Zhang et al [14] reported that in the treatment of OSA accompanied by essential hypertension, the AHI and ESS scores were lower than the control and the LSaO2 were higher than the control (p < 0.05) in patients who received Huatan Tongqi decoction and acupuncture as compared with control patients who received Western medicine treatment. In addition, the mean day and night systolic and diastolic blood pressure decreased in both the control and the treatment groups compared with baseline values, although the treatment group showed greater improvement (p < 0.05). This study was meaningful in the improvement of essential hypertension, sleep disturbance, and respiration, although this study was limited because the treatment period was (10 days) (Table 6 [620]).
Zhu et al [15] conducted a study on patients suffering from poststroke OSA and dysphagia. The control group received oropharyngeal rehabilitation training and routine neurological treatment and in addition, the treatment group had acupuncture and moxibustion. The results on polysomnography and symptoms of dysphagia improved in the treatment group compared with the control group (p < 0.05). In stroke patients, the use of a general-purpose CPAP is limited, so this result may serve as a good basis for applying acupuncture (Table 6 [620]).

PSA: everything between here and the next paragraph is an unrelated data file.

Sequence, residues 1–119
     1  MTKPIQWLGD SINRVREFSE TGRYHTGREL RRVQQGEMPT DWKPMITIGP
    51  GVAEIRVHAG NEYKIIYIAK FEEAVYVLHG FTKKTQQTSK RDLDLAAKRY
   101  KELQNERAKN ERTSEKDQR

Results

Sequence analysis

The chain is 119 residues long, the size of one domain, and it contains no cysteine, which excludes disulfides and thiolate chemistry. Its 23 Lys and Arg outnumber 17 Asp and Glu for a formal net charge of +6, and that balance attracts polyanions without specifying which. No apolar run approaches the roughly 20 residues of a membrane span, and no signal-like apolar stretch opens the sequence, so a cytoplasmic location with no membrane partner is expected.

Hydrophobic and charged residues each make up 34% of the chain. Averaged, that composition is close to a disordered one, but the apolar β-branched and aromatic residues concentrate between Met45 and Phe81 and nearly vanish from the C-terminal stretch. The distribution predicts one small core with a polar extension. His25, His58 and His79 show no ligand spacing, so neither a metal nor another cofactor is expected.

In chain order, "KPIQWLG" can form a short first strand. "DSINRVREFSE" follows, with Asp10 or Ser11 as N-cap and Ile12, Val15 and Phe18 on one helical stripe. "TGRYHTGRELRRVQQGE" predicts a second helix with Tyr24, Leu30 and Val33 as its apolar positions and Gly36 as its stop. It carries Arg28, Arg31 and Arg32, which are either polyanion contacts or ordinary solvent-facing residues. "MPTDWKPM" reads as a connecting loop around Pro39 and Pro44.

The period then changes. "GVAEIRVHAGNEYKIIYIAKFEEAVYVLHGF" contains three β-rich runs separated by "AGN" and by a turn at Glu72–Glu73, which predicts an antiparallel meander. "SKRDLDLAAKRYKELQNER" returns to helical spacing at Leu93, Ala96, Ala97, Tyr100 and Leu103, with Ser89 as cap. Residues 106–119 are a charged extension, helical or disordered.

Li et al [16] showed that in patients with OSAHS, compared with the control group treated with nCPAP alone, the polysomnography test results were better than the control group when the Xing Nao Kai Qiao needling technique was used which employs PC6, EX11, and SP6 as the main acupoints (p < 0.05). Moreover, CRP, IL-6, and tumor necrosis factor-α values, which indicate inflammation, showed more improvement compared with the control (p < 0.05) (Table 6 [620]).
A study by Cui et al [17] involved a comparison of patients with OSA with and without hypertension, and showed that the patient group with OSA and hypertension had significantly reduced ambulatory blood pressure during acupuncture treatment compared with patients with OSA (p < 0.05). OSA is an independent risk factor for hypertension, and in the case of severe hypertension due to lack of appropriate treatment, the ST9, REN23, REN22, LI11, and LV3 acupoints were used to produce a blood pressure-lowering effect (Table 6 [620]).